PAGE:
As you may already know, the world is not yet fully accessible for people with disabilities. Although major improvements have been made since the Americans with Disabilities Act of 1990 (check out our blog post about the ADA here), people who use wheelchairs are not always afforded equal access to where they need to go. For access assistance, complaints, information, and resources you can contact your State Governor’s Commission on Disability. If in New Hampshire, here is their website.

So, how can you be successful and included at work, school, and in your community?

Vocational Rehabilitation

If your place of employment is no longer accessible to you, vocational rehab (VR) can help you adjust and prepare for your career.

  • VR ranges in services and supports from career counseling, educational guidance, job training, help securing assistive technology, and more, according to the New Hampshire Department of Education.
  • The goal of VR is to help people return to work or become more independent. VR counselors empower people with injuries or disabilities to reach their career or educational goals. To find a VR therapist in your area, click the link here:
  • Additionally, most State Governor’s Commissions on Disability have a Title I Employment specialist to assist you and your employer with workplace accommodations for your specific disability needs.

Disability Support at School

Everyone should feel supported and included in school. There are certain protections for children and college students who have a disability when it comes to their education.

Children who have a disability are protected by the ADA and the federal government at school. According to the U.S. Department of Education, the Individuals with Disabilities Education Act (IDEA) guarantees that all eligible children who require special education, regardless of the nature or severity of their disability, receive a free appropriate public education in the least restrictive environment. Under IDEA, school officials and the child’s parents work as a team to develop an individualized education program that details how the student will access education services.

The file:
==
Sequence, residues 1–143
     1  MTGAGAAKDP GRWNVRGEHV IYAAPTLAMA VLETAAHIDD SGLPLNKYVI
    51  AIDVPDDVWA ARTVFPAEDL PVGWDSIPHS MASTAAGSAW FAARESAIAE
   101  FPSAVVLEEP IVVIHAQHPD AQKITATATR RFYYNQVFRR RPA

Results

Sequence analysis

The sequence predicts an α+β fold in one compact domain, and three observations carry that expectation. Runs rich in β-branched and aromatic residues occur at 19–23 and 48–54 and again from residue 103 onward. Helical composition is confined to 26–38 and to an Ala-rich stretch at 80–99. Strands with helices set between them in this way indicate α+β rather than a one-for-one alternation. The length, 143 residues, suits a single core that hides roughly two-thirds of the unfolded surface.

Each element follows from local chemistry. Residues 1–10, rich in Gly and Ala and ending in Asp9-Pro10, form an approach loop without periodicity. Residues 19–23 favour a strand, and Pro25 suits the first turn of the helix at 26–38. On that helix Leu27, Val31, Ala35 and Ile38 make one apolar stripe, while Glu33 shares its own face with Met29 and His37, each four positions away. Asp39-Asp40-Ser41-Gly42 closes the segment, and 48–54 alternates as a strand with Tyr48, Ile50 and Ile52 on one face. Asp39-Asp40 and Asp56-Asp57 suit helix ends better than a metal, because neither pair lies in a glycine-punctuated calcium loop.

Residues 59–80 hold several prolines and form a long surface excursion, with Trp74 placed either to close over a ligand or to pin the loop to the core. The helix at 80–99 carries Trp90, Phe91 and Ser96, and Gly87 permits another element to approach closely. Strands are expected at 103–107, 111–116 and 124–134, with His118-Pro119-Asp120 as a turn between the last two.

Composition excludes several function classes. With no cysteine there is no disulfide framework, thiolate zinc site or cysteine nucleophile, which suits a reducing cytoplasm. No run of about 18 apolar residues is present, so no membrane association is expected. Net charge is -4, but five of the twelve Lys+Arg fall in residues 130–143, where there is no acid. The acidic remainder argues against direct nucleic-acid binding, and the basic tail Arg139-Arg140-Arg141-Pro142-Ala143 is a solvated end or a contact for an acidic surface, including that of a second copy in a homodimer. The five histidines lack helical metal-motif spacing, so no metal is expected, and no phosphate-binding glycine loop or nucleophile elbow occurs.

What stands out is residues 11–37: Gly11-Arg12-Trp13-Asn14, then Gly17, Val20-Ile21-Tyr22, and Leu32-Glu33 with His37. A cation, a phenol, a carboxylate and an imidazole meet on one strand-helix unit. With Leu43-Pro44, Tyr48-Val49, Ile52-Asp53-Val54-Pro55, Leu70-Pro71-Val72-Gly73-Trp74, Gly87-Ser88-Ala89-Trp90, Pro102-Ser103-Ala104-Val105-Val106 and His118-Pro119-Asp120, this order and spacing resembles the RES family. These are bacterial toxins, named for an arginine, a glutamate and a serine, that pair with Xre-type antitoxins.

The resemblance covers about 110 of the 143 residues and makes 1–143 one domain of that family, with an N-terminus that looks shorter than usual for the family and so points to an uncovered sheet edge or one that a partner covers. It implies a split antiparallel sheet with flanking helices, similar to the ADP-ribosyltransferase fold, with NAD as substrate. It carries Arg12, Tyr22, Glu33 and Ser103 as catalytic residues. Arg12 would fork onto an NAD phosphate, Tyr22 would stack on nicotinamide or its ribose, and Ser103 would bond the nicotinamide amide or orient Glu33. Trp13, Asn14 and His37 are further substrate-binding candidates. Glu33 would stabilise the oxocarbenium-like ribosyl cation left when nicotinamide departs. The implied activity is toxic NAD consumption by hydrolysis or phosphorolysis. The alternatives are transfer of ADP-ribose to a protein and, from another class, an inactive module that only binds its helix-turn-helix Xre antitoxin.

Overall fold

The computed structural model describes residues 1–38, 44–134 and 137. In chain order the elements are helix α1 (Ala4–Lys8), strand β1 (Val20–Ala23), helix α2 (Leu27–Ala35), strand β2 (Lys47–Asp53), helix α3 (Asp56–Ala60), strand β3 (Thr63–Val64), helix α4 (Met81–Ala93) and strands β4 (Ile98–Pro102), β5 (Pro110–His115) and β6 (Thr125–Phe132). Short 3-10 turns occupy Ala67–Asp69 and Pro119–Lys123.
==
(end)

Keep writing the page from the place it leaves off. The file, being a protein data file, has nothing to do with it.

College students who have disabilities are also protected. According to the Disability Rights of South Carolina, Title II of the Americans with Disabilities Act (ADA) protects people with disabilities from discrimination by state-funded schools such as state universities, community colleges, and vocational schools. If you feel you are being discriminated against because of a disability, you can file a complaint with the Office for Civil Rights of the US Department of Education. For information about how to file a complaint, click here:

Check with your school or university to see if they have a disability rights and inclusion committee to represent students with disability. If they do not, consider working with the student union, government, or affairs to create one.

Disability Support at Work

Likewise, everyone should feel safe and heard at work – regardless of disability. At your job, ask questions of your supervisor and human resources department to see what they are doing to foster inclusion and ensure accessibility. You can work with HR if you have concerns to help remedy them. But if the issues are not remedied, you can file a complaint through an agency called Equal Employment Opportunity Commission (EEOC). More information on how to file a complaint is here:

Your employer has legal obligations to provide reasonable accommodations for you if you have a disability. According to the US Department of Labor, under Title 1 of the Americans with Disabilities Act (ADA), a reasonable accommodation refers to a change or adjustment made to a job, work environment, or standard hiring procedures. This legislation ensures that individuals with disabilities are given an equal opportunity for employment and can thrive in their jobs. It is important to note that these accommodations should not be perceived as preferential treatment. Employers have the option to implement various types of accommodations, such as installing ramps or modifying restrooms, ensuring accessibility of software, providing screen reading software, adjusting policies to allow service animals in the office, and modifying work schedules to accommodate employees with chronic medical conditions, allowing them to attend medical appointments and fulfill their work obligations at different times or locations.